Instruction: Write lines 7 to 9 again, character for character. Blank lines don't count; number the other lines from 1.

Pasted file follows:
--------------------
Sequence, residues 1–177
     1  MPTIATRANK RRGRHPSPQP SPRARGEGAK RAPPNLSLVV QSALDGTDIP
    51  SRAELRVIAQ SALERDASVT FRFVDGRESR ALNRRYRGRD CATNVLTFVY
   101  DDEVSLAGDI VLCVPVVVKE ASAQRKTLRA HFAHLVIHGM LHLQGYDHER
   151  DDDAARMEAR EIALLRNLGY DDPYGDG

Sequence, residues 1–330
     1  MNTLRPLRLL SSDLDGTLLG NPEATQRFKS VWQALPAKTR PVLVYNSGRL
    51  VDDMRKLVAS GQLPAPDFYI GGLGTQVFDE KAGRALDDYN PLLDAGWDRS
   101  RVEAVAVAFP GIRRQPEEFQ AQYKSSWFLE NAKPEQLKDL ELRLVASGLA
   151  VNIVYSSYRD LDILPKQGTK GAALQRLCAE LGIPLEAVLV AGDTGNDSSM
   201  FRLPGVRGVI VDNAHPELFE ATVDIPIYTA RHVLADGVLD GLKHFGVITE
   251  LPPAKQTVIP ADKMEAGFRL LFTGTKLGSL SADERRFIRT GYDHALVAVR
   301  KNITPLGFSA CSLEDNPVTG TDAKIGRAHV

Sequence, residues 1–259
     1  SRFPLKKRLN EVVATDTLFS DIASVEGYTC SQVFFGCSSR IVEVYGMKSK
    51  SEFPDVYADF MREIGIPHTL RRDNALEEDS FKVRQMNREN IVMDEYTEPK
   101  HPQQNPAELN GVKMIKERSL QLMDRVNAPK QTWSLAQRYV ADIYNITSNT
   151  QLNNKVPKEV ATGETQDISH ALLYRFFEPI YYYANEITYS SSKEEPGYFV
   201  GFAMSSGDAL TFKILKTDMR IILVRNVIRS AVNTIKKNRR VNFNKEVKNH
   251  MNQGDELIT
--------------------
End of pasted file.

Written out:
     1  MNTLRPLRLL SSDLDGTLLG NPEATQRFKS VWQALPAKTR PVLVYNSGRL
    51  VDDMRKLVAS GQLPAPDFYI GGLGTQVFDE KAGRALDDYN PLLDAGWDRS
   101  RVEAVAVAFP GIRRQPEEFQ AQYKSSWFLE NAKPEQLKDL ELRLVASGLA